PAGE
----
- Who makes the first effort to recover a broken conversation, you or your spouse?
- Do your words or tone invite your spouse to be open and honest or do they sound demanding and controlling?
- Do your conversations have a “stand together” feel or a “me against you” posture?
- Do your words reflect a desire to serve or a demand to be served?
- How often do communication problems lead to conflict in your marriage?
- Have you given up on sharing your true feelings with your spouse?
- When is the best time and place to start conversations with your spouse? Have you taken that approach lately?
- When is the worst time and place to start conversations with your spouse? have you taken that approach lately?
- Are you personally continuing to learn about good communication? Do you lead in confessing and repenting of bad habits?
- What repeated patterns have you noticed in your communication? What wisdom have you gleaned from that knowledge?
- What is one step you can take in the right direction and how can I help you do that?
By Glenda Lesher
Waking up before dawn is difficult for me, but thankfully I have a reliable alarm clock–my husband. He’s an early riser and makes sure the coffee is brewed and that I know what time it is.
About ten minutes after his initial wake-up call, my foggy brain hears, “Are your eyes open?”—“Is your head off the pillow?”—“Do you have both feet on the floor yet?” I must admit that sometimes his bright-eyed enthusiasm irritates me. “It’s easy for you to be cheerful,” I moan to no one, “you are retired.” Once I down some hot coffee and take a shower, I’m coherent enough to mutter “good morning.” That’s his cue, it seems, to become a motor mouth, but I don’t comprehend half of what he is saying. If you’ve ever watched a Peanuts television special, you may remember how the parents and teachers sounded. You don’t hear words, just “wah, wah, wah,” like a horn blowing. I try to pay attention, but I’m afraid I’m not too convincing at times.
The evenings are a different story. I’ve had an interesting day and I want to tell my beloved about it as well as hear about his. Though retired, he stays busy in various ministry projects. We talk a little at the dinner table and then go to the living room to relax. He gets in his favorite recliner and before I realize it, I have lost him. His eyelids are closing and his mouth is drooping. I can’t imagine why he would want to miss this exciting conversation with me… what is wrong with him?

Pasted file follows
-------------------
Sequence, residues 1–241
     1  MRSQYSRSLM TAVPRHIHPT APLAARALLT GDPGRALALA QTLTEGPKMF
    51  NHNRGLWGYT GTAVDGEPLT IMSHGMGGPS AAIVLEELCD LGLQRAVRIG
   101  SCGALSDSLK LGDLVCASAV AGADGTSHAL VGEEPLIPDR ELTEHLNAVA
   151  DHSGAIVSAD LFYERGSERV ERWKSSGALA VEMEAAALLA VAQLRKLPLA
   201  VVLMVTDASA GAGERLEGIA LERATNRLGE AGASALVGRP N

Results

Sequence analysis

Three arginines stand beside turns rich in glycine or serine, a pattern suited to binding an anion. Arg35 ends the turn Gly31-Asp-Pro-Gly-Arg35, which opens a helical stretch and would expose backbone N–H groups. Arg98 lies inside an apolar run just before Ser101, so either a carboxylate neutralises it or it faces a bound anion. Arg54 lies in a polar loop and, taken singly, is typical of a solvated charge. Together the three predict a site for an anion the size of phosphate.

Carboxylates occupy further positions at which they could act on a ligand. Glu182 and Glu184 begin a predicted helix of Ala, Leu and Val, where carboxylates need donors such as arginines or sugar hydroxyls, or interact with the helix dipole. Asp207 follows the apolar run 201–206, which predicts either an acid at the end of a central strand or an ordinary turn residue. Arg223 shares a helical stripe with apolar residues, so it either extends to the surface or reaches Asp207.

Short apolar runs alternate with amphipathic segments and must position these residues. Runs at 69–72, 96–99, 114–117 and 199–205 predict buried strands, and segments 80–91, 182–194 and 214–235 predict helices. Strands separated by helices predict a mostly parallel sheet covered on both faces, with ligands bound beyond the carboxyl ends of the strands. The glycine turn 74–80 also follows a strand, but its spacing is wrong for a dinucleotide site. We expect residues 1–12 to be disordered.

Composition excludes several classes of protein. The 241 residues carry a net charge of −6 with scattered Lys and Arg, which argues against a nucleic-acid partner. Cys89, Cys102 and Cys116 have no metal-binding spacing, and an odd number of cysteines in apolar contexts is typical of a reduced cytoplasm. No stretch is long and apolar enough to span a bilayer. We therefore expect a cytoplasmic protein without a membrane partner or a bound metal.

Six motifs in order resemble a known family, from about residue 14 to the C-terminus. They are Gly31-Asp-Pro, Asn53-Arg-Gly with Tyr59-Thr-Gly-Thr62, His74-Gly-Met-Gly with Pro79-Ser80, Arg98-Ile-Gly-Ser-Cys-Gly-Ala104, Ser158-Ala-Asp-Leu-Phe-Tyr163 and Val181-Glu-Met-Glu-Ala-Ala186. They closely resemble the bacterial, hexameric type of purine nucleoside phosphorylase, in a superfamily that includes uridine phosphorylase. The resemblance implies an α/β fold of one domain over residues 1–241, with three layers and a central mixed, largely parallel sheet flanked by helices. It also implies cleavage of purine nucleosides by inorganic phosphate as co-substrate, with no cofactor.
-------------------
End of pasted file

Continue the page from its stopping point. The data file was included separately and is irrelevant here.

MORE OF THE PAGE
Communication is hard enough between men and women, but what do you do if your internal clocks are different? Here are some tips we’ve learned over the years that have served us well in our morning person/evening person conflicts.
First, minimize the negatives. If you can’t change anything—adjust. My husband and I have our morning devotions immediately after breakfast and our evening devotions at the dinner table. Any earlier than breakfast eliminates my attention and any later than dinner eliminates his. Remember that love covers a multitude of “sins.” (1 Peter 4:8)
Second, maximize the positives. “I thank my God always concerning you” (1 Corinthians 1:4 NASB). I really am thankful that my husband is strong where I am weak. Not only does he make sure I get up on time, he even cooks breakfast. He also faithfully prays for me before I leave for work. We stay connected through a phone call during the day and we also have the freedom (as empty-nesters) for spontaneous adventures on the weekends to keep us close.
It’s highly unlikely that husbands and wives will be perfectly matched in personality, communication styles, or even mundane things like the time of the day we are most alert. Come to think of it, wouldn’t that be boring? Marriage completes and complements.
Oneness isn’t sameness. Thank God!
Contributed by Faith Jackson
A gentle answer turns away wrath, but a harsh word stirs up anger. (Proverbs 15:1)
When I was a young mom, I had a routine I followed when it was nearly the end of the afternoon and I was expecting my husband home from work. This may sound very “June Cleaver” to you, but I would have dinner ready, put on clean clothes (so I wouldn’t smell like baby spit-up), freshen up my makeup and hair, and even clean up the babies. It was a great time for him to come in the door and for all of us to spend the evening together.